Chris BishopBy Chris Bishop|November 1, 2020|7 Minutes|In Billionaire Tomorrow

The Business Born Of A Golden Goose On Life Support

He was the chef who went to bed dreaming of the gold price, these days he has one preoccupation as he drives the roads of Johannesburg – survival. Millions of businesses across South Africa hang on with him in the dark days of the COVID-19 lockdown, if they are lucky.

The falling gold price and COVID-19 haven’t been kind to South African catering entrepreneur Clinton Verhoog and they very nearly killed off his business. Verhoog started out with his catering company Chairman’s Choice, in 2007, making millions serving executives from breakfast to dinner at corporate events. The smaller gatherings covered the costs and the corporate gala dinners, of more than 200 people, delivered the profits.           

In its early days, when the business was based in a humble Johannesburg coffee shop, a stroke of luck opened the way to a golden opportunity. The coffee shop happened to be just over the road from the grand headquarters of Gold Fields, in Sandton, Johannesburg, one of the world’s largest gold producers. To this day, it mines two million ounces of gold-a-year and turns over around $250 million-a-year.

Verhoog decided to apply for a tender, at the headquarters over the road, to run the Gold Fields canteen. It proved successful and led to many other catering jobs at the gold miner. In its heyday, the company was turning over R7 million-a-year, a fortune for a small operation. Gold Fields paid a healthy retainer and made up 50% of the catering company’s revenue.   

“The gold price was going up and the company wasn’t afraid to spend,” recalls Verhoog, a decade later,“ I was probably the only chef in the world who watched the gold price!”

Yet the gold price tumbled killing softly the golden goose that was the Gold Fields contract. Strikes at Gold Fields didn’t help and forced the company to cut back; by2013, the contract with The Chairman’s Choice was over.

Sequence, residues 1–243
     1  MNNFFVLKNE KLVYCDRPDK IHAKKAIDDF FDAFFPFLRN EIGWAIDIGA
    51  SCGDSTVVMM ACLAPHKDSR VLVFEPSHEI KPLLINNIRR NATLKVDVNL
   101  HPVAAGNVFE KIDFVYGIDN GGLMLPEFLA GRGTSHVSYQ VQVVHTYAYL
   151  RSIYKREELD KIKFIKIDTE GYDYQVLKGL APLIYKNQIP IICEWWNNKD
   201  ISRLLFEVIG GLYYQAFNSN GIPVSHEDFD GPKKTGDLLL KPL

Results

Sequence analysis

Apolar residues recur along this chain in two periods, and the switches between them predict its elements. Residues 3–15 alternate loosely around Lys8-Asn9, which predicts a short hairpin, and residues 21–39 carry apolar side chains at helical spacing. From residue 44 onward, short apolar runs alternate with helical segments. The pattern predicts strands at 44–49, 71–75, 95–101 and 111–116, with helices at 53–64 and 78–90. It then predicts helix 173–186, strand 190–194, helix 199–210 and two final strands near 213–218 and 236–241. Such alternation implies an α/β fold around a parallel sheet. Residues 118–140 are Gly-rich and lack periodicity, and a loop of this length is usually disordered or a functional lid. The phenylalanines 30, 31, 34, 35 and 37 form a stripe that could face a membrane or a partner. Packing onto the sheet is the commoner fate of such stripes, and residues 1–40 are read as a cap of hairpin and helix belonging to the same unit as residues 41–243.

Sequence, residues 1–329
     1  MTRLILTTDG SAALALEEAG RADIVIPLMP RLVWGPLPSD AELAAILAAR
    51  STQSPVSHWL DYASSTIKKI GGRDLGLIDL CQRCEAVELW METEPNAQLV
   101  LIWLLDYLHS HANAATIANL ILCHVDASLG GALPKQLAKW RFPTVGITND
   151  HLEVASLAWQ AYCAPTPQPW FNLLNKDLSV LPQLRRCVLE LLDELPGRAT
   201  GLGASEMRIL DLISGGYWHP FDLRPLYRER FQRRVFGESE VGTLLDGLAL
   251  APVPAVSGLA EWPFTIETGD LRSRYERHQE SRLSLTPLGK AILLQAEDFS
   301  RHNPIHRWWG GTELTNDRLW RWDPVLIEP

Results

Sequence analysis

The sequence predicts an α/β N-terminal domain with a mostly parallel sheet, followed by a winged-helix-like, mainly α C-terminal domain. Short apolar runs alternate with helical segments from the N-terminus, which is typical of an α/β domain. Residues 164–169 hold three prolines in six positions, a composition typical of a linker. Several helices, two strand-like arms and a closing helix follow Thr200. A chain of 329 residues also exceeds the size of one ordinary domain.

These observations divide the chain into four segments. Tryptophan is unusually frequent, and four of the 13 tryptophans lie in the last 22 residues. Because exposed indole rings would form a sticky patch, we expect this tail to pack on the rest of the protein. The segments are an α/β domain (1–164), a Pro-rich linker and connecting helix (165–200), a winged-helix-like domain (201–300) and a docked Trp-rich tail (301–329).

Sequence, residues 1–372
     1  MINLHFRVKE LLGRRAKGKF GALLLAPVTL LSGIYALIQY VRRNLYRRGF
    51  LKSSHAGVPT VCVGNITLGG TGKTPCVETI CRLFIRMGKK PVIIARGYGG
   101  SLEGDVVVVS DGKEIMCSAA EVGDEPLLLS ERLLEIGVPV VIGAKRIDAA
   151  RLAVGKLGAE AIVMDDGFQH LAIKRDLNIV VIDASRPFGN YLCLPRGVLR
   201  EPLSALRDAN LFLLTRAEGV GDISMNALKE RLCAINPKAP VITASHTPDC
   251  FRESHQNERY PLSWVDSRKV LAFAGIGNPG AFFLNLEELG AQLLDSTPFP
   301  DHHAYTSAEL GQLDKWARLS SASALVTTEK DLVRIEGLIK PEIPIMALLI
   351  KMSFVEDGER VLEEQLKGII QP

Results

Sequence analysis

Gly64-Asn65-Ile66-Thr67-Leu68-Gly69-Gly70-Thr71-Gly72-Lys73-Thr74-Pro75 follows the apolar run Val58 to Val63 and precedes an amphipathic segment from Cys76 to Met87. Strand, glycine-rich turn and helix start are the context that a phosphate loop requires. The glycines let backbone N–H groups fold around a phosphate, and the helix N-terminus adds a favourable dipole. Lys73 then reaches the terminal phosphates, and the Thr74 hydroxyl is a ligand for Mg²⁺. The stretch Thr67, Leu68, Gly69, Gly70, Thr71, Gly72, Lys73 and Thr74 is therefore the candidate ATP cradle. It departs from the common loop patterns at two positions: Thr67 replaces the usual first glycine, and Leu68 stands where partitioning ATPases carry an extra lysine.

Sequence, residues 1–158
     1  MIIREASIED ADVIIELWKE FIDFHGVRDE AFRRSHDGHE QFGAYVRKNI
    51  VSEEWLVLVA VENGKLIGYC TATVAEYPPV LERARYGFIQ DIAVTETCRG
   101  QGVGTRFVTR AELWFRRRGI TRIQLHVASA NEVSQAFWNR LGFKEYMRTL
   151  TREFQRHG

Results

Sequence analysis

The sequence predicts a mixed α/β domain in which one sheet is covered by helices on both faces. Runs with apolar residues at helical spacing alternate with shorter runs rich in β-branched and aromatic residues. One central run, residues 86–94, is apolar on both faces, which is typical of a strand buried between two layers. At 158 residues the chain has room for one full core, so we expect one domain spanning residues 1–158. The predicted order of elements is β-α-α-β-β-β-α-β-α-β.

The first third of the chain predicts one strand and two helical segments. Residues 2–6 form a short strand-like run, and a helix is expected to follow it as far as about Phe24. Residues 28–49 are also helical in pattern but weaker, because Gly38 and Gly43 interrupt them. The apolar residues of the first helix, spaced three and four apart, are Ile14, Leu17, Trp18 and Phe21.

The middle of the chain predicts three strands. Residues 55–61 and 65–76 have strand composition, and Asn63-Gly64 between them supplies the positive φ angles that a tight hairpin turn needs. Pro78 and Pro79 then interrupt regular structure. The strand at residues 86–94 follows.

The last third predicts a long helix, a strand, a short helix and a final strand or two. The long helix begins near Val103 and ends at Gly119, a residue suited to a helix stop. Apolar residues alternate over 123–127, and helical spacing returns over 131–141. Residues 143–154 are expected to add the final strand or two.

Verhoog kept the business on its feet and this year, despite a sluggish economy, was looking forward to turning over R1.2 million in March and April to make up for a slow start to 2020.        

The lockdown of South Africa due to COVID-19 stopped Verhoogs’s business in its tracks. Overnight company revenue dropped to zero. He had to lay off two of his six staff and cut every cost he could find.      

In March, Verhoog felt he could hang on only for three to four months. He wasn’t alone, in South Africa COVID-19 in 2020 nearly five million small businesses were driven to the brink by the lockdown in a country that was to record the continent’s highest number of cases in the pandemic. The South African economy contracted and lost more than three million jobs – more than the population of Botswana.      

“There is no income at all. We were in a very difficult position before the lockdown. If we don’t get anything in the next two or three months we are done,” says Verhoog at the time.

Remarkably, nearly six months later, Verhoog has hung on and managed to survive. The saving of his business has been built around delivering meals to people at home in the lockdown. It is hard graft for  Verhoog who hits the road in Johannesburg every day and drives at least 150 km to deliver food – several times a day he has to go through COVID-19 temperature and security checks on the way to his customers.

“Now, it is just a question of surviving, if we can do that we have done more than many companies in our position. We are fighting every month. It could be worse I could own a restaurant those guys are really taking strain.”

Luckily, many friends and family stood by him, in tough times, buying meals for a few hundred Rand-a- time- many have orders from Monday to Friday. It is a far cry from the glittering corporate balls he hosted of yore.         

“We have still got our heads above water,” says Verhoog from his Johannesburg home, “There has been quite a big uptake friends and family. In the first month of lockdown, we turned over about R100,000, which was amazing considering what we were doing. It is very slow, but we feel extremely busy.”    

“We deliver to take the stress of dinner out for people. It is fun: there are familiar favourites like chicken schnitzel there are huge orders for that. We tried to do something a bit weird like an Asian stir fry vibe, but that didn’t go down too well. On Fridays, we do southern fried chicken and we get massive orders.”

Verhoog, who admits he will be lucky to turnover R2 million, in 2020, was hoping to celebrate his 40th birthday in style this year, but COVID-19 has put paid to that.

“It is a shame, but I am just going to have to wait until I am 41 and have a really big party!”